Well now that the player has the tools to navigate correctly they need something to navigate to. In the training we received for this project we had to find green metal posts with a yellow sign on them. They were very hard to find and so we made sure that the posts I had in game were also hard to find. I also made a few paths the player could follow through the game. I scattered posts throughout the woods and gave the player a navigation sheet.
When the player hits the M key they got this menu, which told them how to go through each path. As you can see this is a practice path. Practice paths had a few features to help build confidence.
You can see here that if the player got lost they could turn on the help which would lead them to the marker. This is a wildly frustrating experience at first so I agave them the tools to learn as opposed to just making it hard. I also designed the paths to be much easier on practice. Then there is test mode, where the player tests how good they really are. For instance look at the difference in the navigation screen.
Basically I tell the player where to start and give them a heading, and nothing else. If they are good then they can find the next marker and then they get a new heading. I was not entirely evil here I gave them the ability to check if they were at the correct marker. Am I not kind? For the test in real life people are given a sheet that looks like that one and they roam the woods to see what posts they find. They then mark which posts they found and estimated distance between them then call in when they get to the last post to see if they got to the correct one. Which is what I tried to emulate here.
This was my first major UE4 project and I really enjoyed getting the markers to work the way I did. I created a blueprint that was on each marker and had that blueprint able to see which path it was on. I then made it so that anyone could make their own course just by dragging a new marker into the game and setting it up.
This was in the properties for each marker. The boxes linked into everything else in game so this was all anyone had to do.
Then they passed their info to the HUD for display purposes.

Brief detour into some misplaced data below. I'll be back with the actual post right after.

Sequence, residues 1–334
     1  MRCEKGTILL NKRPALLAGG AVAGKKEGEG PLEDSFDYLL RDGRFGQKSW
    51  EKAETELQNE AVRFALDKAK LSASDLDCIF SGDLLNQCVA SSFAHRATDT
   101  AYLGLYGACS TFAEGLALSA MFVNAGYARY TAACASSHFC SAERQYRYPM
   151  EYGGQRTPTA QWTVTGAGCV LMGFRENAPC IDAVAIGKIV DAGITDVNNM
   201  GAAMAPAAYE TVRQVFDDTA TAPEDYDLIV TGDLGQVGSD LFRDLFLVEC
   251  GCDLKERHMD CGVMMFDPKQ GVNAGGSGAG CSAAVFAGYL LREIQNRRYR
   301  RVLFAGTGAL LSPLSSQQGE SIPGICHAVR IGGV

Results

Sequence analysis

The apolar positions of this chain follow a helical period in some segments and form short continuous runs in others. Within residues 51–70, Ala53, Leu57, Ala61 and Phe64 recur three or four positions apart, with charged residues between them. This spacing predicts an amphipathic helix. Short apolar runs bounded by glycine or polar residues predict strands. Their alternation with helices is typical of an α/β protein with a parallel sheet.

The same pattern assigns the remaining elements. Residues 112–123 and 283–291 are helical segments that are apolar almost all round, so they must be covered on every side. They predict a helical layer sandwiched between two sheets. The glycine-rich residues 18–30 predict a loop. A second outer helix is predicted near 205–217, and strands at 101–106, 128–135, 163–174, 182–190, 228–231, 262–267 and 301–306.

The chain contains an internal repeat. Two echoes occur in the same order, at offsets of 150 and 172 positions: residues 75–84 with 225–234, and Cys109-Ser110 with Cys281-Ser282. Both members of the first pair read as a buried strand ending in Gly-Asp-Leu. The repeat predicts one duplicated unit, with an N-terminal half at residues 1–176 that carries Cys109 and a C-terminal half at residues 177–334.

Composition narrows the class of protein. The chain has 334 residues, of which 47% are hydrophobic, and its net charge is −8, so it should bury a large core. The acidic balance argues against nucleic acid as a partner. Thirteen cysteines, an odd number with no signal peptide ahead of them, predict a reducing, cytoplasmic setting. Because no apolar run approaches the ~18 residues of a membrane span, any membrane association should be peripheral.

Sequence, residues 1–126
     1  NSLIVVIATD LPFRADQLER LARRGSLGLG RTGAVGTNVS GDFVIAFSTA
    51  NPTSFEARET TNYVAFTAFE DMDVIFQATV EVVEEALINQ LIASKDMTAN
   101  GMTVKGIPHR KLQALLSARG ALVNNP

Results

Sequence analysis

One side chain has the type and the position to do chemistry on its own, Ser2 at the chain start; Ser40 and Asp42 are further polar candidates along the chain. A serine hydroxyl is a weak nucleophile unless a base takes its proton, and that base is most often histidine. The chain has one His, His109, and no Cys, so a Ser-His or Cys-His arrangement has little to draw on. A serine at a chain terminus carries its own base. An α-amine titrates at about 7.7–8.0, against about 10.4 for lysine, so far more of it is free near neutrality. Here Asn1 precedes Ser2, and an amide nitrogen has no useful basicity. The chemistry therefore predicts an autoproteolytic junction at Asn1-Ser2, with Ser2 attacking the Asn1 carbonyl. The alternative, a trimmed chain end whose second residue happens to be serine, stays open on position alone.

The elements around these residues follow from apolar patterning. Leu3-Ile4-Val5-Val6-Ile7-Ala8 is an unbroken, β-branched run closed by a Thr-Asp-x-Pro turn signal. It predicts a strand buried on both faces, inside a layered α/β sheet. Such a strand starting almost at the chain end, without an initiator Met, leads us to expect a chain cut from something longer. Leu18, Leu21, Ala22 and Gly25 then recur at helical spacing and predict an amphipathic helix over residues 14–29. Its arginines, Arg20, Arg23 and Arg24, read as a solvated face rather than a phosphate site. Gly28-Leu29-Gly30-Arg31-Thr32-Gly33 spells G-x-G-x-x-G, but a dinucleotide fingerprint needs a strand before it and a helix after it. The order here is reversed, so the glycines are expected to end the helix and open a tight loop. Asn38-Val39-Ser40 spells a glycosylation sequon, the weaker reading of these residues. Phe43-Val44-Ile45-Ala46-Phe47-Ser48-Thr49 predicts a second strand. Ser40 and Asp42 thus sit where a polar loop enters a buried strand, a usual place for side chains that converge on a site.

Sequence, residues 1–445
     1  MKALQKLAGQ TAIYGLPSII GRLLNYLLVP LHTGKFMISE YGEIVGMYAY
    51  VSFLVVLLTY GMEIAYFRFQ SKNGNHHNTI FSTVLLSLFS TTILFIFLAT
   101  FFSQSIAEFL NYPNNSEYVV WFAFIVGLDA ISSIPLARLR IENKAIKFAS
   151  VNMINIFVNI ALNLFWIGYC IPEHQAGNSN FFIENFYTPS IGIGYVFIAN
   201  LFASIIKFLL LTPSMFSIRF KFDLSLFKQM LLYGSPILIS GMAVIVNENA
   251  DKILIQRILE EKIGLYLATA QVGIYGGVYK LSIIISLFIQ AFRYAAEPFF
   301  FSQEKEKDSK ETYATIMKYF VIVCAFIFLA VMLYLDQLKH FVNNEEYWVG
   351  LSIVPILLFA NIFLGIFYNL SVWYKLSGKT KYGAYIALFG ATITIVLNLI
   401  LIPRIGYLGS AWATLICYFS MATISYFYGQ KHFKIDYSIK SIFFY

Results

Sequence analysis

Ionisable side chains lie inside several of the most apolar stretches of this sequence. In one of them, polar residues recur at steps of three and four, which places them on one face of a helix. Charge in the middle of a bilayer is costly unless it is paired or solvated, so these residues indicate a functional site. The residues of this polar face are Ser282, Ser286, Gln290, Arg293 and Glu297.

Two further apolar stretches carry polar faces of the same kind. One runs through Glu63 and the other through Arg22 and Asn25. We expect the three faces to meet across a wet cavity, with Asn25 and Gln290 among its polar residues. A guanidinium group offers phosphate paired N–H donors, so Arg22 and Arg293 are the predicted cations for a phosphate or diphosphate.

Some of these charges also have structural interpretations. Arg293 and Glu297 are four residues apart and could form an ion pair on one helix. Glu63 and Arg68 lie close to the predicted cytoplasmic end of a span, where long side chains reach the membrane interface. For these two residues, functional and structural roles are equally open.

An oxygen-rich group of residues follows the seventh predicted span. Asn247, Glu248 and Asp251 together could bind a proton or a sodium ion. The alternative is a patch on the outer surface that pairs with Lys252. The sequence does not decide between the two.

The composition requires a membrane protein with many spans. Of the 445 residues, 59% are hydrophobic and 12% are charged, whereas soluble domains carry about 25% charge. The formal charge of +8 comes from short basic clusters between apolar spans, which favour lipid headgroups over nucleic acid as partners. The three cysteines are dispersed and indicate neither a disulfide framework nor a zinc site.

Now one of the coolest parts of UE4 is the redone HUD stuff. It is so much better than UDK it is not even funny.
Above is a picture of most of the HUD. I had it doing a lot of stuff with a lot of flow control. The first thing I needed was a button so the player could get started. I created a button function so I only had to do it once.
This became one node in the HUD blueprint. It let me change what I needed to and set it up very easily. After that I needed to design the menu flow. So the player could navigate the start menu and choose test or practice.
All of that so they could get through this:
If you watch the beginning of the video you can see the whole thing. After buttons I also had to get the help feature to to track the correct marker and display it's distance from the player dynamically if they were looking at it.
I then gave the player the ability to hit M and pull up the menu.
This was one of my favorite projects to work on to date because it is something that is completely different from regular game design. I was not nearly as concerned about making the game fun as I was with conveying the proper way to navigate. In game design we are taught to keep players in the flow zone, which is the balance between boredom and tension. In this game the balance is a little different. I want the player to learn which means they need to be able to make mistakes, but I do not want them to be so frustrated that they get mad and tune out the lesson. I really enjoy making educational games, and I would really like to make more.
If you want to try your hand at navigation download it here. Unzip it and navigate to \LandNavPost_final_v02\LandNavUE4\Binaries\Win64\